Just in time for the summer swim season, the Centers for Disease Control and Prevention has released new guidelines for safe handling of potentially hazardous pool chemicals.
Developed in response to CDC research that identified a significant number of pool chemical-related health incidents, the recommendations apply to professional pool operators and residential pool owners.
The fact that these injuries were unintentional “suggests a lack of awareness [about safe practices] and a need for education,” said CDC epidemiologist Michele Hlavsa, who helped draft the guidelines.
Hlavsa, who shared some of the findings at the 2008 World Aquatic Health Conference, said an analysis of the American Association of Poison Control Centers’ 2007 data showed that during that year, there were thousands of chemical exposures. According to the Consumer Product Safety Commission’s 2007 data, the most prevalent diagnosis was poisoning via inhalation of chemical vapors, and other injuries included chemical burns, rashes and eye irritation. The most common victims appeared to be white males under age 5.
Pool chemicals involved included calcium hypochlorite, sodium hypochlorite, dichloroisocyanuric acid (dichlor), trichloroisocyanuric acid (trichlor), hypobromous acid, hydrogen peroxide and muriatic acid. Health problems also were linked to disinfection byproducts — chloramines or combined chlorines.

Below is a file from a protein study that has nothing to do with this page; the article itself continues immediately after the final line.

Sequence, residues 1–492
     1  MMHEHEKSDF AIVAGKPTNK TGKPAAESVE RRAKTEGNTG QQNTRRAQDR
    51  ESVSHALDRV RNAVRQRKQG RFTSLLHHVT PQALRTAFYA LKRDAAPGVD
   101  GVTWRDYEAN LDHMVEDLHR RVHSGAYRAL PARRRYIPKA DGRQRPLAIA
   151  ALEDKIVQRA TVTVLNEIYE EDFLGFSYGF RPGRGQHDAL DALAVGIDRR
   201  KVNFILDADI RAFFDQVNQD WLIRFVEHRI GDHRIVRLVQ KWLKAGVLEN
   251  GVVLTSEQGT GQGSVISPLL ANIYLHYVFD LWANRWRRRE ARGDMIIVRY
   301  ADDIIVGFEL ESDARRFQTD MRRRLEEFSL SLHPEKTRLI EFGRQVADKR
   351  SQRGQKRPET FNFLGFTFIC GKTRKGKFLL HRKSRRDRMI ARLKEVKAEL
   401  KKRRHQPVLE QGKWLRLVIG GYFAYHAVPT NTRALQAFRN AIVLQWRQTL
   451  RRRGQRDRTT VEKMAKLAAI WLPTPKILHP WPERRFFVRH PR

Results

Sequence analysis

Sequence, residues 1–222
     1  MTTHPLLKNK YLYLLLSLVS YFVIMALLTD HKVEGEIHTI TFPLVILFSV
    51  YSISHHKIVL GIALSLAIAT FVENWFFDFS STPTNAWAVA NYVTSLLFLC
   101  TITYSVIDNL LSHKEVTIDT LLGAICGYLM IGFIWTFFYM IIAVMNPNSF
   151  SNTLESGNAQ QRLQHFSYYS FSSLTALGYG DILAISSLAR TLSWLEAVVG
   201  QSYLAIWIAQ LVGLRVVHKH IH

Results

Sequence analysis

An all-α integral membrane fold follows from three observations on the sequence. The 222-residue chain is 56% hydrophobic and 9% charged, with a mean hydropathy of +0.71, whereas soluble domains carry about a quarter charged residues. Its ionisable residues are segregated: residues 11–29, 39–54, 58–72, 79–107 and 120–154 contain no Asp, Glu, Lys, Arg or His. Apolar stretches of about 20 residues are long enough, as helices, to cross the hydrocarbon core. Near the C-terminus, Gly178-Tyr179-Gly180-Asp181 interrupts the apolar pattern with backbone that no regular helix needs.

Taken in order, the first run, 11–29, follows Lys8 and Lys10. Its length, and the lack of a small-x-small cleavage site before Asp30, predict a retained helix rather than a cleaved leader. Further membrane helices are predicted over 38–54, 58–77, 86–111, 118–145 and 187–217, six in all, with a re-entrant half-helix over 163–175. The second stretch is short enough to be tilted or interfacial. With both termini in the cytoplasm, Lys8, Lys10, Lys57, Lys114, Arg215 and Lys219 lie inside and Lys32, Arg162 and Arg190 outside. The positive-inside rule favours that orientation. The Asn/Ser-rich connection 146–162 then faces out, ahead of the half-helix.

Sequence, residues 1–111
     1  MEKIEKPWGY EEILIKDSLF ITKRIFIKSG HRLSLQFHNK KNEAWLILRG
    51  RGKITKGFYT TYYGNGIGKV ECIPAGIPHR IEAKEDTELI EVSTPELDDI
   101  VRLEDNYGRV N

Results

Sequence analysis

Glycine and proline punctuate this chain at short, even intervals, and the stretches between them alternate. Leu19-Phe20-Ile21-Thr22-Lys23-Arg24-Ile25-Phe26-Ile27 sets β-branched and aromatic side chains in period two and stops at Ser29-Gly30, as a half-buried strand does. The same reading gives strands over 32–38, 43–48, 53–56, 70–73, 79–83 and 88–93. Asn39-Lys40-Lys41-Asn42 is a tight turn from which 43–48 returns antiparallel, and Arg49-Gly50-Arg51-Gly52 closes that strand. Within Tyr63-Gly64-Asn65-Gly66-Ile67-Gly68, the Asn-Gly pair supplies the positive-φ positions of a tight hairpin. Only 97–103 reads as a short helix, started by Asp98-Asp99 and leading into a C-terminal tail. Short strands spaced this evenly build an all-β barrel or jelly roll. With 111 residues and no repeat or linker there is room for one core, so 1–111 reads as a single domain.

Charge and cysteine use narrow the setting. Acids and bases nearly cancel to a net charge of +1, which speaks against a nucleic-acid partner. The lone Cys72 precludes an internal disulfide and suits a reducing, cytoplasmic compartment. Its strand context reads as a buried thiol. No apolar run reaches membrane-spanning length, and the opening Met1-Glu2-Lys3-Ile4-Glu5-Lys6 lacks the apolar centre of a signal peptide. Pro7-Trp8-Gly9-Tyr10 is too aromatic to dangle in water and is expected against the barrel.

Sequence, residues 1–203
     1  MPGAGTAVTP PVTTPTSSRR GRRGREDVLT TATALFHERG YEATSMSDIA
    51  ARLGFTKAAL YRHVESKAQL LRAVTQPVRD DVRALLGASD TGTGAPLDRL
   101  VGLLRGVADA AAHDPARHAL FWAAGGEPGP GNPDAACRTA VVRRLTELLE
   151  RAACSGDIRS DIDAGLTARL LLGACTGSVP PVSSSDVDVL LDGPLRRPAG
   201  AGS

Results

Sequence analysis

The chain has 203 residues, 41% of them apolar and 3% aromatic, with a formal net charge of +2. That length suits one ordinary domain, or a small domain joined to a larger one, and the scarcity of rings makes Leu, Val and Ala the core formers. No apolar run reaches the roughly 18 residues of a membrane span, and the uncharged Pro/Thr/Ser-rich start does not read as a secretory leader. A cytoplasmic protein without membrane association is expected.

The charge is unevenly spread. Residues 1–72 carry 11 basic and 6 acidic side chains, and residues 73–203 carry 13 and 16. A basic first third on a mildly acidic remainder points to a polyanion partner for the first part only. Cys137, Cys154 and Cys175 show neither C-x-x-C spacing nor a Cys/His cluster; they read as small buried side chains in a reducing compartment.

“The annual number of emergency room visits for pool chemical-associated [incidents] is matching [that of] traditional RWIs. It’s also likely that many people who suffer mild exposure don’t visit the emergency room,” Hlavsa noted.
Findings indicate that exposures frequently occurred in residential environments; however, reports from the state of New York show these incidents also occur at public pools, where they can potentially affect a large number of swimmers.
Not all states and communities require the reporting of chemical exposures, so information is incomplete. But based on analysis of available data on chemical exposure incidents at public pools, researchers identified equipment operation as one common reason for chemical exposure. Several such incidents occurred at public pools when the recirculation pumps shut down, but the chemical feed pumps did not.
“I think there’s a lot of underestimating of what it takes to run a pool safely. It’s not as easy as dumping in some chlorine and walking away,” Hlavsa said. “The pool is essentially a giant chemical reactor, and once you add swimmers it becomes a public health issue.”
The CDC guidelines cover pool system design, chemical storage and handling, maintenance and repair.